It’s a tragedy that still evokes heartbreaking memories after 20 years.
Reena Virk was swarmed by a group of mainly girls under the Craigflower Bridge on Nov. 14, 1997. Two of her attackers – Kelly Ellard and Warren Glowatski – followed her along the shoreline where they continued the beating and held Reena’s head under the water until she drowned. The 14-year-old Saanich girl’s body was discovered eight days later farther up the Gorge Waterway.
“I believe that the murder of Reena Virk had such a deep impact on the entire community that the healing and the recovery from it is ongoing,” said Rachel Calder, executive director of Artemis Place Society.
To mark the 20th anniversary of Reena’s death, Artimis Place Society and Learning Through Loss have organized an event Nov. 14 at the heritage Craigflower Schoolhouse in Kosapsom Park. Remembering Reena: A Community’s Commitment to Nonviolence will get underway at 1 p.m. featuring a number of speakers including Reena’s father, Manjit Virk, and Education Minister Rob Fleming.
“I believe that holding it at the place where Reena was killed creates a very powerful experience. And I think the trauma of her death there is still felt there. I know myself and many people say every time they drive over that bridge, they remember it,” said Calder. “I think gathering at the place of her murder can add a layer of healing and a new story to that place.”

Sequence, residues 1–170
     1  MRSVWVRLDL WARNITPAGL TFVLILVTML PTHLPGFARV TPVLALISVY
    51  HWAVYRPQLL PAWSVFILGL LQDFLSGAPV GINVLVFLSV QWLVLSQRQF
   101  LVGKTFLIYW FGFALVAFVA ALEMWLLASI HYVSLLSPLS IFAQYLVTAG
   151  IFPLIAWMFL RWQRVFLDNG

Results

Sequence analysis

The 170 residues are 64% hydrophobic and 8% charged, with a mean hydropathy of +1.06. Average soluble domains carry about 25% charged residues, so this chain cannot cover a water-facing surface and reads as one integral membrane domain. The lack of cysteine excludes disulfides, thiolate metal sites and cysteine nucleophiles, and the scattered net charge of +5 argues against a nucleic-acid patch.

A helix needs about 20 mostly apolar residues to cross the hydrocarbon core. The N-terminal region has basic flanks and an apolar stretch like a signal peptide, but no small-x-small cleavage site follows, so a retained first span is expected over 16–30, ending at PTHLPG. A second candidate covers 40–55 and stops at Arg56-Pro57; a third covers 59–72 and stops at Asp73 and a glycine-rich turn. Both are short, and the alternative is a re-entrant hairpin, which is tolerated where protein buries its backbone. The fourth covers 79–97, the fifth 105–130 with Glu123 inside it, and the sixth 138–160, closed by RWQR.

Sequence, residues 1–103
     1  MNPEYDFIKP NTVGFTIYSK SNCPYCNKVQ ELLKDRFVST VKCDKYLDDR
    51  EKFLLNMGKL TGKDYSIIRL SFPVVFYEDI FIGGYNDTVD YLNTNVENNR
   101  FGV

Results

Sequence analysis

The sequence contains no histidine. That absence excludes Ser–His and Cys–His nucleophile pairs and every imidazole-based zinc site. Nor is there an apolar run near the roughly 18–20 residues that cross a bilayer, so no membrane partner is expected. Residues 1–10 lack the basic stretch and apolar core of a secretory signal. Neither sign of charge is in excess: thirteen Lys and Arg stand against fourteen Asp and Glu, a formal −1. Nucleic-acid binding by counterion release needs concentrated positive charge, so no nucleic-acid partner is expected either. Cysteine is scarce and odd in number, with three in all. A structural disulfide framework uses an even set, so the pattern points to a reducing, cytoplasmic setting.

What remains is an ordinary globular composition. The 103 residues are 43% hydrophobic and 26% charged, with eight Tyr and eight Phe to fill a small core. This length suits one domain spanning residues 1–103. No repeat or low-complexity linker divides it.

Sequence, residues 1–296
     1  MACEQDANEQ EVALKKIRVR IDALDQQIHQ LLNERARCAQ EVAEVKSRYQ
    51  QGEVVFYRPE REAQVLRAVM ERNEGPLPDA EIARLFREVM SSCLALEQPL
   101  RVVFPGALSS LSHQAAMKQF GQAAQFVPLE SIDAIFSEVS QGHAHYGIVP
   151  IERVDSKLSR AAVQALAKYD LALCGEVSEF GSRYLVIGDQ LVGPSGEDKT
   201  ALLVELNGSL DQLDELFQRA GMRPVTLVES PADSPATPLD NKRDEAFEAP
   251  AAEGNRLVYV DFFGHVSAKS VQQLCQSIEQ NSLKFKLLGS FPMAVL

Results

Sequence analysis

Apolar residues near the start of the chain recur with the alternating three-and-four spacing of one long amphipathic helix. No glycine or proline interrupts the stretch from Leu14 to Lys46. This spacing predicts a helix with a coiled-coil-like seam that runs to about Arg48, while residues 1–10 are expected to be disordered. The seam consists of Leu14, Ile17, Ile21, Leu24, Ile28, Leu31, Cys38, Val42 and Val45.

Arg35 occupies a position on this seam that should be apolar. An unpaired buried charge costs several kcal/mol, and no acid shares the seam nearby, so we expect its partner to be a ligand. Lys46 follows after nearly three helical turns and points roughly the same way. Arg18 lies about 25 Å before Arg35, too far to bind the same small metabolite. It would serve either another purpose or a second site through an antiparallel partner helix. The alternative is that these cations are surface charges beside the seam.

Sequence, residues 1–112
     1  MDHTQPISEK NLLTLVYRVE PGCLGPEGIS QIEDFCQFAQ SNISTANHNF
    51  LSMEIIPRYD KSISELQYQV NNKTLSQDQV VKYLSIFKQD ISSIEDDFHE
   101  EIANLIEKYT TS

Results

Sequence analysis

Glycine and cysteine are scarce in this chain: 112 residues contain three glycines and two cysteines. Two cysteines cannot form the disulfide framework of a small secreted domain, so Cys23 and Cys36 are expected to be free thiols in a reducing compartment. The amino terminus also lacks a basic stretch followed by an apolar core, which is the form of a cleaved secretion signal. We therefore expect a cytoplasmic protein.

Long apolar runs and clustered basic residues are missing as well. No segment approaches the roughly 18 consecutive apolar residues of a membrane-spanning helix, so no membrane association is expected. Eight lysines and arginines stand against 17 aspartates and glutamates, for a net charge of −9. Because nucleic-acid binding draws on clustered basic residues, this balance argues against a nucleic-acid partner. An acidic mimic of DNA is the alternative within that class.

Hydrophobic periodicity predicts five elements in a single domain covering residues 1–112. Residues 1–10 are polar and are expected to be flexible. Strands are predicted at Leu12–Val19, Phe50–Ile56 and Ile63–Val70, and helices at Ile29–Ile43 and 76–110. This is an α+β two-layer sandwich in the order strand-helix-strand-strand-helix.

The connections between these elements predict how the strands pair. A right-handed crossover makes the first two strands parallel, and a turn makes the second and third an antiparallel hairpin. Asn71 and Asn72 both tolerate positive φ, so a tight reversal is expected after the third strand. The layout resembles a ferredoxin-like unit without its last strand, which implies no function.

Organizers hope to honour Reena’s life and memory by creating a space for continued learning and conversation.
“We wanted to contribute to a different narrative on how to actually provide healing opportunities to youth who may be both victims and perpetrators,” said Shauna Janz, executive director of Learning Through Loss.
Janz points to a study that found up to 87 per cent of youth in the criminal justice system experienced a big loss in their life and didn’t have the support or resources around to properly deal with it.
“We recognize that oftentimes people who are perpetuating violence, it’s because that’s what they have a lived experience of or they have some kind of traumatic loss,” she said. “How can we contribute to non-violence by providing healing opportunities so that youth can make healthy, life-affirming choices?”
Calder said she hopes the event will also spark a discussion on inclusion, something Reena was desperately seeking.
“How could we have created a community that was more inclusive, where she felt she belonged and also that she was safe?” said Calder. “I’m hoping in her honour and in her memory, we can impact the community to create a more inclusive and a more safe place for all of our young people.”
The groups are also asking for people to show their commitment to safe and inclusive communities on social media by using the hashtags: #iremember #reena and #icommit2nonviolence.